The same principle was used in the plan not long since promulgated, the invention being to place the fruit in water-tight packages, and fill the interstices with carbonio acid gas, but as a matter of course, the plan did not work except in theory.
The fruit houses of Mr. Nyce were two-story buildings, the upper chamber containing ice, the sides and floor being double, three feet thick and filled in,with some nonconductor, so that the fruit room should be practically air-tight. The fruit was placed on shelves or racks, to the depth.of two or three feet. I have had tomatoes preserved for three months in the house in Chicago, which came out in perfect condition. The Chicago house, however, did not pay, and it was soon, I believe, abandoned.
The elements, therefore, of a complete preserving atmosphere are a uniform temperature, just above the freezing point, dryness, purity, and the exclusion as far as possible of the great agent of the decomposition - the oxygen of the atmosphere. Whoever can secure these conditions most cheaply will best succeed in keeping apples, pears, and grapes, and with plenty of these fruits out of their natural season, there is a fortune to whomsoever succeeds in its accomplishment.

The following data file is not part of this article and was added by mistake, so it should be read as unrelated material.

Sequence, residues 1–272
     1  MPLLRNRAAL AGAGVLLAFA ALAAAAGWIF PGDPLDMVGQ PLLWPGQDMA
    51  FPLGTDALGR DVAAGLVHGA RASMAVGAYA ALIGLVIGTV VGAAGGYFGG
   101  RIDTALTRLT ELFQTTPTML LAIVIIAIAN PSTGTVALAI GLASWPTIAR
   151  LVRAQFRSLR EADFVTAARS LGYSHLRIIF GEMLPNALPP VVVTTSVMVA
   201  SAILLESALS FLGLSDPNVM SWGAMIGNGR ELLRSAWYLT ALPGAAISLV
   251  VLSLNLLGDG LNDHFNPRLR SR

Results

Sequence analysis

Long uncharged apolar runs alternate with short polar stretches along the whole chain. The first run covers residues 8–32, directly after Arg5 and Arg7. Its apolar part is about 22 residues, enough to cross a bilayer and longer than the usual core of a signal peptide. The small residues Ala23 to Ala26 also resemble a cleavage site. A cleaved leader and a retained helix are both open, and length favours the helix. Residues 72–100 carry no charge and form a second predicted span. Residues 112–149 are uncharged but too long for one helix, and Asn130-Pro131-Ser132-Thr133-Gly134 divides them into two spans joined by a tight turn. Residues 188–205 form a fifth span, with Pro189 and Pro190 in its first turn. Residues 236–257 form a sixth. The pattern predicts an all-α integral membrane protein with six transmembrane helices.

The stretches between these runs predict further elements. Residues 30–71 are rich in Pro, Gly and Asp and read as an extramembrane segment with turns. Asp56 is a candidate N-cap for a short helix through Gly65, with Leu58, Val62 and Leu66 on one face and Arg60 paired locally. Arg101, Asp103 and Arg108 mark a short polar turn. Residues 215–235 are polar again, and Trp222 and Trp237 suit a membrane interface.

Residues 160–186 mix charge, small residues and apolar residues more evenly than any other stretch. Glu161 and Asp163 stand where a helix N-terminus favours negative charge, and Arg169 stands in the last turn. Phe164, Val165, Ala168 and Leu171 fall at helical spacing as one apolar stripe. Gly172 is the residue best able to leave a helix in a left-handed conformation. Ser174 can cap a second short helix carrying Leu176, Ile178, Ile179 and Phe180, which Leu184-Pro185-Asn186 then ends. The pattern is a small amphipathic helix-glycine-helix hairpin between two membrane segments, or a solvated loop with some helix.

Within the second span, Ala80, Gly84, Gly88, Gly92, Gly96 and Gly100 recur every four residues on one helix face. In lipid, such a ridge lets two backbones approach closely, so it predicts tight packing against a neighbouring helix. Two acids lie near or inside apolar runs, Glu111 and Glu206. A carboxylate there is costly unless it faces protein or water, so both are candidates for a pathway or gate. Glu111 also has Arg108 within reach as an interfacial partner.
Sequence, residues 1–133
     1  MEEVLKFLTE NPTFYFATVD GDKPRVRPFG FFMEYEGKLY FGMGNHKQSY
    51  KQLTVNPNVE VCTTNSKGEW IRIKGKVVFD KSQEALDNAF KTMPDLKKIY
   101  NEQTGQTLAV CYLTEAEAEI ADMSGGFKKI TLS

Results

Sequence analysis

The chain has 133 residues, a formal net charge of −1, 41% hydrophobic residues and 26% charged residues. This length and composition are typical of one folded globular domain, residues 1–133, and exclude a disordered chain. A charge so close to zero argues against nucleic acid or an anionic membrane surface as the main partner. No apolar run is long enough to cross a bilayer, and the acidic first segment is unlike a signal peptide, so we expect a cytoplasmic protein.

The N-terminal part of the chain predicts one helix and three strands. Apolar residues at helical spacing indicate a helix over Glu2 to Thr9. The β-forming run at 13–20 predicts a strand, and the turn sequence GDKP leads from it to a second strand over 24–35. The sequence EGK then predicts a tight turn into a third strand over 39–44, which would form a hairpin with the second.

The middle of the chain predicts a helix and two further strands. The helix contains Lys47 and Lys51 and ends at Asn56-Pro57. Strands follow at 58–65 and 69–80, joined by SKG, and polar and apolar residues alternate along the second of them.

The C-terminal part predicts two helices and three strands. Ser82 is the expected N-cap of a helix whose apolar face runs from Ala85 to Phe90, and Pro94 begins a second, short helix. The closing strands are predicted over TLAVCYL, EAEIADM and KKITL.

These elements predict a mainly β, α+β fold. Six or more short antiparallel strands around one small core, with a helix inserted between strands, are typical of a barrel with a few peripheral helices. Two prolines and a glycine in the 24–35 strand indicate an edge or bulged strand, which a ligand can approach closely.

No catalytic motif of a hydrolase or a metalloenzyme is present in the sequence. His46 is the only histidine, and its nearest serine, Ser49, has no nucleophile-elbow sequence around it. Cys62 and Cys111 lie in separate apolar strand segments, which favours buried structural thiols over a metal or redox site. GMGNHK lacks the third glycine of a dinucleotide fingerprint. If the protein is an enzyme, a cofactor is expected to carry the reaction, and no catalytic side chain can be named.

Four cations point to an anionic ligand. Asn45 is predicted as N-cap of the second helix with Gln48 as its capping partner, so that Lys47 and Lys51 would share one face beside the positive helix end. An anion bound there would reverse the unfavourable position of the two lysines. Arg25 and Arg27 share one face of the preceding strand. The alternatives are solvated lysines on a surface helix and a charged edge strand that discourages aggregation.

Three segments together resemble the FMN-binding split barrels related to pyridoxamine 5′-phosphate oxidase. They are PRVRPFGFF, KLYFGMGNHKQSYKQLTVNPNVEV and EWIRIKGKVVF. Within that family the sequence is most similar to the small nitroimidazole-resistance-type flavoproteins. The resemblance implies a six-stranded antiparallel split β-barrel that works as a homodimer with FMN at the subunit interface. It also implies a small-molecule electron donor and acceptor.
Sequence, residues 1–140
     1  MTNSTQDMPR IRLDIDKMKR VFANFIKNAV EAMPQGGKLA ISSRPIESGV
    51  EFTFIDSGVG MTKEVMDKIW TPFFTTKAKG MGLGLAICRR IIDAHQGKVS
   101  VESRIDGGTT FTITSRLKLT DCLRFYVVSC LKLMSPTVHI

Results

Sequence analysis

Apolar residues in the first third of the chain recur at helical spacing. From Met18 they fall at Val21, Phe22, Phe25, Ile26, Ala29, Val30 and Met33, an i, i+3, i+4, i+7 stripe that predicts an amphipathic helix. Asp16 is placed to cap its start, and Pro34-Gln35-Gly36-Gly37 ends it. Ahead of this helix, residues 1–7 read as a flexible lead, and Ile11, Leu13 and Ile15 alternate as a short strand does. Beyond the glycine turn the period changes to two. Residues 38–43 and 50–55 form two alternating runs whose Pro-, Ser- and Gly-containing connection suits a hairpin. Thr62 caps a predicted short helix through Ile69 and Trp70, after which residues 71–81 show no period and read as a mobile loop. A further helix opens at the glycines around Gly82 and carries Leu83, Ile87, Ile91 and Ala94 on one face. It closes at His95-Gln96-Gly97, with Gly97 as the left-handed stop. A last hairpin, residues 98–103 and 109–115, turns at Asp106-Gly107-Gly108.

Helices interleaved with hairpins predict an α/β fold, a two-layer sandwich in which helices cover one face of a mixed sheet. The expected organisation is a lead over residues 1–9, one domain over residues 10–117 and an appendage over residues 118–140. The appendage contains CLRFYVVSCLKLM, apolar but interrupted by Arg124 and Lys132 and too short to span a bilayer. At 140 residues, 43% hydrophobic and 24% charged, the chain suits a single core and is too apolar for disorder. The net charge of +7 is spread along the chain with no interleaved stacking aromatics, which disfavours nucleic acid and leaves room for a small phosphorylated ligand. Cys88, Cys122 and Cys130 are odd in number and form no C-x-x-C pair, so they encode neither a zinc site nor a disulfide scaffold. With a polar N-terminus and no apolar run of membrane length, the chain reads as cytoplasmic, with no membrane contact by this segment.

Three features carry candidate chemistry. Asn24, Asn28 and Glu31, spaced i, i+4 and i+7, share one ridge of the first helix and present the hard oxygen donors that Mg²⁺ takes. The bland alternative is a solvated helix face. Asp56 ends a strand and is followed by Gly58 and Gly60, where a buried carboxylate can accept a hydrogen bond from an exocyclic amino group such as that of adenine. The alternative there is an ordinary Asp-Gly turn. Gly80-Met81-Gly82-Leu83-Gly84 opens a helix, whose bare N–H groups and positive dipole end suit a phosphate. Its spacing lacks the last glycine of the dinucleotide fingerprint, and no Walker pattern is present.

I think the best place for keeping fruits in their natural state is in fruit-houses with double walls, secure at the same time from frost and the constant changes of the atmosphere; for however cheap dried or canned fruits are in the market, first-class natural fruits will always command a remunerative price. A curious fact in connection with seasons of extreme plenty like the one just passed, is, that being plenty, so much fruit is wasted that a nearcity almost always follows.
Where the soil is perfectly dry to a sufficient depth, or capable of perfect drainage, a fruit-house may be readily built under a barn or carriage-house, provided no stock is kept in the barn. The walls should be seven feet high, and if three sides are under the ground, the other side may be exposed to the weather if the ventilators and windows are double.
To prevent frost entering through the upper floor, it will only be necessary to have the beams one foot deep, the floor to be made of common two-inch plank, the joists or beams to be covered with matched boards for the ceiling; if the inter-spaces are filled with sawdust, or some material of like nature, frost will not enter. A trap-door should be provided for taking out fruit, or entering the cellar in cold weather; and a chimney also, for ventilation in extreme weather. If the whole cellar is not wanted for fruit, it can be partitioned off and a part used for storing vegetables. If the fruit in a cellar of this description be kept in tight packages, the temperature may run down to twenty-eight degrees for several days together, next the wails, without injury to the fruit, provided the packages are tight,- and as an index to the temperature, a sufficient number of thermometers should be kept, at top and bottom, to indicate the degree of cold, so that when the frost once gets in the room, means may be taken to obviate it.